Something has changed. It happened slowly, but it’s there.
I’ve been dealing with some of the harder emotions I go through in the set. I’m unemployed this month and we’re short on money. I have a lot of shame issues tied to my financial problems, almost all of which stem from the very serious damage MS has done to the cognitive faculties that make discipline possible. I’m very bad at organization now too, and organizing files and sorting old mail can border on the traumatic for me. It’s a strange disease.
A few years ago, when I moved in with Craig, my mother very unceremoniously took all of my files out of their plastic $35 file boxes, kept the file boxes and crammed the files into a couple of cardboard boxes and shipped them to me book rate. I had to put them in the garage unopened. I had no filing resources and no space inside the house or at my office at school (for the first year Craig and I were together, I still had an office).
I was afraid of opening them because I knew the emotions would gush out at me. I have lots of family of origin issues to begin with. But being confronted with my organizational work from before the illness is always very hard for me, because my gifts for organization were truly extraordinary. I was damned good. I was the kwisatz hadedrach: he who can be many places at once. That’s what good organization does. Organization lets you live in many contexts. And as the self is defined with respect to those many contexts, in a way, it gives you more self. More facets of your self are clearly defined with respect to other times and spaces. You become an integrator of contexts. It’s a powerful high. I miss it more than almost anything else the disease has cost me.
Today I opened the boxes. My files were amazing. I had a file on every country between
So many of the files never got used, but this time I didn’t feel remorse at the waste. I was pretty floored by the size of the gap between my abilities then and now, but for the first time, I wasn’t floored emotionally. I wasn’t feeling the overwhelming feelings of regret, sorrow and shame that have haunted me for the past seven or eight of my life. I was just floored intellectually. It was a thought that went something like, “Yeah. Damn. It was real. You really were that good. If you could still do what you did then, you’d be an assistant professor already. You’d be published and have presented slews of papers.” For the first time, though, I didn’t feel despair.
Instead, I realized that for years now I’ve been whipping myself to just get over it. I’ve felt the deepest shame in that in the years since the diagnosis, barely a day went by when I didn’t berate myself for not having come to acceptance of this situation and having moved on. I think today I realized that the whole point is that you don’t just get over a loss of this magnitude. You grieve. You can only stop grieving when you understand what you have lost truly and when you begin to make new attachments that can give meaning to your life. When the loss is this big, the process takes years. I was the kwisatz haderach. You don’t just snap your fingers and get over something like that.
You see, I lost myself. The only way I’ve been able to cope was to say who I was died and that I was a different person, because so long as I clung to the old Talal’s values, I could never be happy being the person the disease made me. My Aunt Charlotte objected to this. She told me, “You may feel as if the person you were is gone, but you are still the sweet, loving boy you always were. I recognize you.” You didn’t die.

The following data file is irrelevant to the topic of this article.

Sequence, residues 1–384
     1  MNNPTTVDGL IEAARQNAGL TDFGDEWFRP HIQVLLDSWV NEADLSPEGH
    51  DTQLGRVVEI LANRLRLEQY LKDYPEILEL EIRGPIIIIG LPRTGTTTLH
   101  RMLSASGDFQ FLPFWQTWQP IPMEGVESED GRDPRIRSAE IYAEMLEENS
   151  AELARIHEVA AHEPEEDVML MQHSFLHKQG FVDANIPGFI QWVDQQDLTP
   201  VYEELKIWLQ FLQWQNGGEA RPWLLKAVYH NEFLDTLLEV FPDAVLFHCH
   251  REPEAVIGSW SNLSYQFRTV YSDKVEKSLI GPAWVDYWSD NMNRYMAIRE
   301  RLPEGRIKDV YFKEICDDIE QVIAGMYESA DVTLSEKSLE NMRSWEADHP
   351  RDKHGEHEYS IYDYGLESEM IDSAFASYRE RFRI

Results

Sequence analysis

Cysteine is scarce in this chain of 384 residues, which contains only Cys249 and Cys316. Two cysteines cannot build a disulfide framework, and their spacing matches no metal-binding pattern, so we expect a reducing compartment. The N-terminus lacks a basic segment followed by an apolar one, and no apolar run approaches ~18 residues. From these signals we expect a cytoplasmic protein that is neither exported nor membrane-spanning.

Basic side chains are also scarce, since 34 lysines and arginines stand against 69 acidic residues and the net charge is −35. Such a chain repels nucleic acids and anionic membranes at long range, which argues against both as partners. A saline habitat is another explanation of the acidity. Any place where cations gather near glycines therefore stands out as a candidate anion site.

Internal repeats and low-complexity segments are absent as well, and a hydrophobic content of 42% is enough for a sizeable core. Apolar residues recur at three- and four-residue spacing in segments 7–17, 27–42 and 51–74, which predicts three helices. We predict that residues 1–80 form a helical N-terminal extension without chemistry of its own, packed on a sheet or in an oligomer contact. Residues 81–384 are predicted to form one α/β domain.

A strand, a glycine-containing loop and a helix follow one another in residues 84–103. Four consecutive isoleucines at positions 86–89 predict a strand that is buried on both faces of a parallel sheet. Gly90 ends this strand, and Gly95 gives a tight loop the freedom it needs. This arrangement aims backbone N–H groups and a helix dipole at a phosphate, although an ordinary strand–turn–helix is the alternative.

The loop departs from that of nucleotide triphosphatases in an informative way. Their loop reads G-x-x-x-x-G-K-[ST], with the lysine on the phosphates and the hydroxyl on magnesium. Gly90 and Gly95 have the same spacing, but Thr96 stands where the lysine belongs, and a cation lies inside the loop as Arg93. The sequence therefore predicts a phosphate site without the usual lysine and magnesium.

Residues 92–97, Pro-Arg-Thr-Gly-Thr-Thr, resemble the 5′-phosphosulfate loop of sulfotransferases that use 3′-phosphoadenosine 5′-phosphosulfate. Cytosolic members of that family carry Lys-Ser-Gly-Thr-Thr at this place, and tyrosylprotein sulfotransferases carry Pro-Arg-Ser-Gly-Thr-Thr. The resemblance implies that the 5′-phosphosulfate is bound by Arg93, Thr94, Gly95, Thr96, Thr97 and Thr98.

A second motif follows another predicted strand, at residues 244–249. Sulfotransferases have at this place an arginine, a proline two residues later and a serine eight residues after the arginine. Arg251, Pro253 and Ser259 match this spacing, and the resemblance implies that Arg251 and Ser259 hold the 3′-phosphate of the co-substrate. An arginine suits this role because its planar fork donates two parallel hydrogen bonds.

But that’s the rub. It took me a very long time to grasp it in therapy. One of the things I resented very deeply was, ironically, how much more people liked me after I got sick. That’s simply natural. Not being the kwisatz haderach makes a guy way less intimidating. But I was also hurt in that I felt that living up to all the ideals that I lived up to was what made people like me and was afraid that once I couldn’t live up to those ideals, they would be as disappointed in me as I was in myself. It turned out that no one cared. I wondered why I’d worked so hard. Was it all meaningless? My therapist Micheal pointed out, “Living up to all those ideals was what made you like you. Other people like you because you are loving.” So at some levels, then, score one for Auntie Char.
But I lost the self that I valued. So no one else gave a shit about that guy and feel that the only difference is that I’m more loving. Getting to be that guy every day was the reason I woke up every morning. I loved it. Yeah, there were hard moments, but I was the kwisatz haderach. Imagine zapping Superman with kryptonite, taking away all of his powers and saying, “Hey,
I mean fuck that shit! My creative power was what I cherished most about myself and it’s taken a permanent hit. Grieving wasn’t an indulgence. It was a necessity. The loss to me was enormous. Yeah, no one else misses the guy. But I will, probably for the rest of my life. Cause he was me and not just any me. He was the me that I wanted to be (Sweet Lord, I’m starting to rhyme. Shoot me).
If I’m to be a good Catholic boy (and despite the sex, I keep coming back to it, so I guess I’m a still a believer) I’d probably say that the aspect of Himself that God wishes for us to emulate is His capacity to love, not his ability to create. God wishes us to be concerned with loving, not power, creative or otherwise. But I love creative power. That’s the part of God I want to be like. Well, God has a tremendous sense of economy and has used this illness for my spiritual betterment. So being loving it is. I always said that’s what my life is about. Now I have to mean it. And doing it isn’t so hard. The disease has made all the changes for me. I need only accept it. I guess I do. I’ll try.